Monica Mollica

Monica Mollica

Medical Writer & Nutritionist

MSc in Nutrition

University of Stockholm & Karolinska Institute, Sweden 

   Baylor University, TX, USA

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How is anabolic steroid use different from testosterone replacement therapy?

One main reason testosterone replacement therapy (aka testosterone treatment) is surrounded by controversy is that testosterone can be abused, both in athletic populations and the general public.[1] Scientific evidence is undisputed that testosterone y potently enhances physical performance and increases muscle growth.[1-3]
 
The ethical issue of fair play in sports, coupled with the well-known adverse health effects of supra-physiological doses of anabolic steroids [4-14], has given medically legit testosterone replacement therapy (aka TRT, testosterone therapy or testosterone treatment) a bad reputation and is depriving many suffering men with testosterone deficiency from receiving medically needed testosterone treatment.[15] 
 
In this article I will point out the salient differences between use testosterone replacement therapy – a.k.a. testosterone therapy or testosterone treatment - and abuse of anabolic steroids, and explain why testosterone treatment - which per definition is medically provided and supervised - has no parallel with abuse of anabolic steroids.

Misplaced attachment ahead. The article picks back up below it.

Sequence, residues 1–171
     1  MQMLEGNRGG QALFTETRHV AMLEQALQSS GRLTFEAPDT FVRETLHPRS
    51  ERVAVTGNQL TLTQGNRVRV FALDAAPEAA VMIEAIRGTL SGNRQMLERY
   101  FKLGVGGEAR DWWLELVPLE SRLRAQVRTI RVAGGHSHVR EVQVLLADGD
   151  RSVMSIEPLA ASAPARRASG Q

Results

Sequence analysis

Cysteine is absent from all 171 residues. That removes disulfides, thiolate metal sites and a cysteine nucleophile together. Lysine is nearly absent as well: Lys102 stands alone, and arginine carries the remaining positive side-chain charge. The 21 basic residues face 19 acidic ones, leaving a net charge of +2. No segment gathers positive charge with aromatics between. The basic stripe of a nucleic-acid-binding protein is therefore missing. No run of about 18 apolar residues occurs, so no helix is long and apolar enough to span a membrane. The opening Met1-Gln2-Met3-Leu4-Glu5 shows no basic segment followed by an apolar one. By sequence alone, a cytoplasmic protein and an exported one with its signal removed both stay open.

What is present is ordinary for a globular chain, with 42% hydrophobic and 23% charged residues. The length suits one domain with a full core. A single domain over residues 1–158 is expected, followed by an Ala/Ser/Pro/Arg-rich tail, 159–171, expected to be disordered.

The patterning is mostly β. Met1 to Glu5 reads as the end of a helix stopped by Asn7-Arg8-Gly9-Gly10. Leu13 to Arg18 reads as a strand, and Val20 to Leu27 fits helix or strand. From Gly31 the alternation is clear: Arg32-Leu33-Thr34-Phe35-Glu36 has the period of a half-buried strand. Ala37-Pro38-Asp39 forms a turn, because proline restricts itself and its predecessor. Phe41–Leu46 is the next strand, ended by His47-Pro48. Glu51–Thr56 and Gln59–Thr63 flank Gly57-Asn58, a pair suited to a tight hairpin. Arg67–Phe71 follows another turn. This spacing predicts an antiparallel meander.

Dispelling the myth of testosterone treatment and prostate cancer

 
Fear of prostate cancer remains one of the major concerns with testosterone therapy among doctors, and reason to deny suffering hypogonadal men testosterone treatment.[1, 2]
 
This fear persists despite mounting research over the past decade that has clearly refuted the belief that testosterone therapy increased risk of prostate cancer among men in the general population.[3-5]
 
Aside prostate cancer, benign prostatic hyperplasia (BPH) with its associated lower urinary tract symptoms (LUTS) are also common concerns with testosterone therapy.[6]
 
In this article I summarize and comment on the results of the Registry of Hypogonadism in Men (RHYME) study; a large, multi-national prospective registry of men with testosterone deficiency, which was designed and powered specifically to assess prostate cancer outcomes in hypogonadal men receiving testosterone therapy compared with untreated hypogonadal men or general population estimates.[7]- 
 
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Dr. Pierce's Medical Organization Affiliations

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